- 29:34 Leah got pregnant again and had yet another son. She named him Levi.4 She said, “Now my husband will become attached to me. I’ve given him three sons.”
- 29:35 Leah got pregnant once more and had a son. She named him Judah.5 She said, “I want to praise the Lord.” Leah stopped having children for a time.6
It’s unclear what was going on with Leah’s eyes. Guesses range from “weak eyes” to “bright eyes.” But the contrast to Rachel’s beauty suggests that whatever it was it wasn’t something Jacob would want to wake up to every morning.
Hebrew for “See, a son.”
Sounds like the Hebrew term for “one who hears.”
Sounds like the Hebrew term for “becoming attached.”
Sounds like the Hebrew term for “praise.”
Leah would later have two more sons and a daughter: Issachar, Zebulun, Dinah. She had seven children in all—six of Jacob’s 12 sons.
When Jacob finally reaches his destination in what is now southern Turkey and he meets a young lady that he discovers is his cousin, “Jacob kissed Rachel. Then he began to cry” (29:11). The Bible doesn’t say why Jacob did either of those things. Why do you think he might have kissed Rachel and cried?
When Rachel ran to tell her father, Laban, that Isaac’s son had arrived, Laban must have had a sense of déjà vu. Years earlier he was there to see a caravan loaded with riches, led by a man on the hunt for a wife for 40-year-old bachelor Isaac (24:10). The moment he got the news that Isaac’s son had just arrived, what do you think was on his mind?
When Laban realizes Jacob came alone, without a caravan or bags of gold, he says, “We’re family. No doubt about it” (29:14). If you had to make the case that he was not being sincere, what evidence would you offer? And as a follow-up counterpoint, how would you defend the argument that he was, in fact, being sincere?
After Jacob has stayed with his uncle Laban for a month, you would think it might be time for Jacob to go back home. Instead, he tells Laban, “I will work for you for seven years if you’ll let me marry your younger daughter Rachel” (29:18). The Bible doesn’t say how Jacob arrived at seven years. Does that stretch of time sound to you like it’s coming from Jacob, Laban, or perhaps Rachel?
Rachel had an older sister, Leah. Jacob didn’t seem to feel anything hormonal toward her. And there was something going on with her eyes. Bible experts make all kinds of guesses. Some are complementary: “Leah had nice eyes” (29:17 Message). Most are not. Leah may have been “wide-eyed, bug-eyed, or maybe even cross-eyed.” Best guess, what do you think it was about Leah that failed to excite Jacob?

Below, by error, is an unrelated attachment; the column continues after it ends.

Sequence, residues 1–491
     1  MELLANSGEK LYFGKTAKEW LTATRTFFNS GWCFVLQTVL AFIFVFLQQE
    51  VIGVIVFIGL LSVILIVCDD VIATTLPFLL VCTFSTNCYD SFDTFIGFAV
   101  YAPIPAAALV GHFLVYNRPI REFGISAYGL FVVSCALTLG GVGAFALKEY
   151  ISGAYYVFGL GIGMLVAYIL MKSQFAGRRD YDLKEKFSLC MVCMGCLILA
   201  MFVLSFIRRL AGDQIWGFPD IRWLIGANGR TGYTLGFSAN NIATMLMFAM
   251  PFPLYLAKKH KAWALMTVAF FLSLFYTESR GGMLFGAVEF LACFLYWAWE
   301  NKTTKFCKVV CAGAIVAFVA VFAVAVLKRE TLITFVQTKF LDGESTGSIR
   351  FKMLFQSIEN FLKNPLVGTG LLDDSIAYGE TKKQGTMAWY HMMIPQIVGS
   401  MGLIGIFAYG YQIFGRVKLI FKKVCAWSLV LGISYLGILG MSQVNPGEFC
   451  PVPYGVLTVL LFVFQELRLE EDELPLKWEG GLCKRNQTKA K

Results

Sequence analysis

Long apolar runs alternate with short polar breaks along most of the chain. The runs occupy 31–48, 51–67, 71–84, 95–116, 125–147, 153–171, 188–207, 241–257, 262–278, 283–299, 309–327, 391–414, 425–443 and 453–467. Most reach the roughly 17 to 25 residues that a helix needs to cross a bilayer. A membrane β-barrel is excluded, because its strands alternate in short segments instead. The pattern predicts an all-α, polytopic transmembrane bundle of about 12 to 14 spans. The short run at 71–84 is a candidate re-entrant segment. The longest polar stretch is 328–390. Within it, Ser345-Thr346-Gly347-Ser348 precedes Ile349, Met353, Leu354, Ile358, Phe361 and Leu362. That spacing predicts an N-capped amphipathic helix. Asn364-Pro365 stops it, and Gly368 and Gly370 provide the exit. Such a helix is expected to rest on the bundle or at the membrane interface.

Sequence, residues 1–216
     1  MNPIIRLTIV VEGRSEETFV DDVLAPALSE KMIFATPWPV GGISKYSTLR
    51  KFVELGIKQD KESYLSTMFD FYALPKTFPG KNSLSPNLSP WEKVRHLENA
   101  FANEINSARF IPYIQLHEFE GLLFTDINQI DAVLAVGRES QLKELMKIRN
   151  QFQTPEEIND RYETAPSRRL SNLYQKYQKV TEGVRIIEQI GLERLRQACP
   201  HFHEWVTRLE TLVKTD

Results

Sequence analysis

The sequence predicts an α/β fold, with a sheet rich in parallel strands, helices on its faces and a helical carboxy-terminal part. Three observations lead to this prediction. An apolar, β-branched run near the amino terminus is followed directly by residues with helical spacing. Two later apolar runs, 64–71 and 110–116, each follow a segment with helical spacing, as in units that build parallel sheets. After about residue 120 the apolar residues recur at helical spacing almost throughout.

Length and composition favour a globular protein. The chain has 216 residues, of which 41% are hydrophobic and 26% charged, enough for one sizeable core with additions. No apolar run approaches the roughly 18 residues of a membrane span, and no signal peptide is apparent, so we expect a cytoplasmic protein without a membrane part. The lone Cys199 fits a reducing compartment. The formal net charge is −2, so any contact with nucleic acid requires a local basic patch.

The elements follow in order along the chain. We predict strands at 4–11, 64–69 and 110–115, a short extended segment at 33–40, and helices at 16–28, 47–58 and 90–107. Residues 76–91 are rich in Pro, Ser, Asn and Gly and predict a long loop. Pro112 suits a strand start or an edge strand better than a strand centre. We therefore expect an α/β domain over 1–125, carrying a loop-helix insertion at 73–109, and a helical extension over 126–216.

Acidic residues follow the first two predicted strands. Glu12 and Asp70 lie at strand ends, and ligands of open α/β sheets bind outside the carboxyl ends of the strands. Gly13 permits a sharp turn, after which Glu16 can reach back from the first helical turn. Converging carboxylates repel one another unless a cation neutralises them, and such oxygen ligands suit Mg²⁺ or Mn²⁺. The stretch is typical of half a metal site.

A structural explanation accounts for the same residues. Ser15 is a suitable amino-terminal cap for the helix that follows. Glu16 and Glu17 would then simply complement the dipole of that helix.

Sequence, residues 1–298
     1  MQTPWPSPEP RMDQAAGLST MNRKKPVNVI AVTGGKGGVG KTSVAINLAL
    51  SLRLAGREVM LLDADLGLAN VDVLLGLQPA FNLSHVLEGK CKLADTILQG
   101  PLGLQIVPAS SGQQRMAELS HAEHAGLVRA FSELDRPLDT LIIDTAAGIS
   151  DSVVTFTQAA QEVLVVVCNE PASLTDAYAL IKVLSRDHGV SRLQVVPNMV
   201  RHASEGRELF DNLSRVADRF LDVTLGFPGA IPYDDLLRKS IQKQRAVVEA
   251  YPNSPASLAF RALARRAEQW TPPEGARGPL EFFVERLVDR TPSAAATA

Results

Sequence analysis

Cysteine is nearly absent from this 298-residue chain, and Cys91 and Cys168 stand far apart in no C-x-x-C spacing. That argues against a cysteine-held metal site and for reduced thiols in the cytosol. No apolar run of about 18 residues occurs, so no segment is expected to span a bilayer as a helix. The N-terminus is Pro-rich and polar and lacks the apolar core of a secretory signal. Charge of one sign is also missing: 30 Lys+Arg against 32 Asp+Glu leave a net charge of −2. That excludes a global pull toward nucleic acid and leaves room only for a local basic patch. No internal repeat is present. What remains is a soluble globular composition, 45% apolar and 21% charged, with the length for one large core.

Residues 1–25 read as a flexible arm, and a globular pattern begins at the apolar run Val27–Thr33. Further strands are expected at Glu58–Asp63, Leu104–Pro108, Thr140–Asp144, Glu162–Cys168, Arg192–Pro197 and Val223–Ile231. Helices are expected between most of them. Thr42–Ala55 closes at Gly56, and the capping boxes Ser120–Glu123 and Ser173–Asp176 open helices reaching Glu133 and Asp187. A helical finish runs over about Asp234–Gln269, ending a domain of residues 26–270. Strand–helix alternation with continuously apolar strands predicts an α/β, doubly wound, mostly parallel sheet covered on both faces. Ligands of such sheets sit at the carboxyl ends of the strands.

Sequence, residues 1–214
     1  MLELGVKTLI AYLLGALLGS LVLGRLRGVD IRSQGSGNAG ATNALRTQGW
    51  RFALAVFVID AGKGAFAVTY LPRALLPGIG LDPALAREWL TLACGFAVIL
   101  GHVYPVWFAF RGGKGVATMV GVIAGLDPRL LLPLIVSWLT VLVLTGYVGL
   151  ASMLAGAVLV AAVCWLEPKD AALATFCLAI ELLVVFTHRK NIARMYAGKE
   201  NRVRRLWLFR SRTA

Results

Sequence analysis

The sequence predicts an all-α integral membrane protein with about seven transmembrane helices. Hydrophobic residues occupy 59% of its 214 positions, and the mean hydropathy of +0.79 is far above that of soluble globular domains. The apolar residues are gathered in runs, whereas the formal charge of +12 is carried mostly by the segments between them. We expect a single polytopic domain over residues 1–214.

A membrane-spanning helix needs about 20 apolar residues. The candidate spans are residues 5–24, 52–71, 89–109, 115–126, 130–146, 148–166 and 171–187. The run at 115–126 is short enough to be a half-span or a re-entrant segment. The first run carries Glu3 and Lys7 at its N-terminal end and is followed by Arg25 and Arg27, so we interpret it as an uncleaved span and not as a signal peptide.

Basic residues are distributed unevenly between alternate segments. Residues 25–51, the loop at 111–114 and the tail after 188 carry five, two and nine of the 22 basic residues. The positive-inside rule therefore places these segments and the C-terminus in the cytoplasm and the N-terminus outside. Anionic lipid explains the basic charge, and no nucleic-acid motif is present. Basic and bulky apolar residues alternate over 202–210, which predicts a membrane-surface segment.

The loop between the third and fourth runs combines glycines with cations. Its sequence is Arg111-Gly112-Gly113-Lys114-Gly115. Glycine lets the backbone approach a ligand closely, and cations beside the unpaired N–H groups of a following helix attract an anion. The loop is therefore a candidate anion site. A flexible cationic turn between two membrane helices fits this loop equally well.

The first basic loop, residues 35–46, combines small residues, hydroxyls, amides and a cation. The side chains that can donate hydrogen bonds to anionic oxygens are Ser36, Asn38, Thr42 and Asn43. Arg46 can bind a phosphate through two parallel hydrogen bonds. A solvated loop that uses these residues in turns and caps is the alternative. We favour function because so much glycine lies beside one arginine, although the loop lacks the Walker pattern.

Explain this: how on the good Lord’s green earth could Jacob have married a woman and spent the honeymoon night with her and yet never realize until daylight that he had hitched his wagon to the wrong horse?
When you get to the part of the story with Jacob waking up beside Leah, how do you react to that? “The next morning, after Jacob woke up beside Leah, he had a question for his father-in-law, Laban. ‘What on earth have you done to me? Didn’t I work for you for the right to marry Rachel? Why have you cheated me?’” (29:25).
When Jacob confronts his father-in-law about the switcheroo, Laban defends himself by saying, “It’s not our custom here to marry off a younger daughter before the oldest daughter” (29:26). If you had been Jacob, what would you have said?
Jacob and Laban cut a deal. Jacob would work another seven years for Rachel, but he would get to take her as his wife in a week—right after Leah had her traditional weeklong wedding celebration. What choice do you think Jacob had? If he had asked Laban for a discount, maybe working just a year for Rachel, what would that have said about the value Jacob placed on Rachel? Can you think of a better deal Jacob could have worked out?
The Genesis writer says “The LORD saw that Jacob didn’t love Leah like he loved Rachel” (29:31). So God made Leah fertile enough to produce four boys in what seems to have been quick succession. Rachel, nada. Do you think the Genesis writer actually had the inside scoop on God intervening to help Leah? Or do you think it’s more likely that the Genesis writer simply presumed God did that because the writer, like many Jews of Old Testament times, believed that God was in control of everything that happened—the good, the bad, and the messy?
When you look at the names Leah gave her four sons, how do you react to those names (29:32-35)?
LIFE APPLICATION. This chapter in Genesis has four main characters: Jacob, Laban, Leah, Rachel. Without giving us names, if that would embarrass the person, tell us about someone you know who reminds you of one of these characters.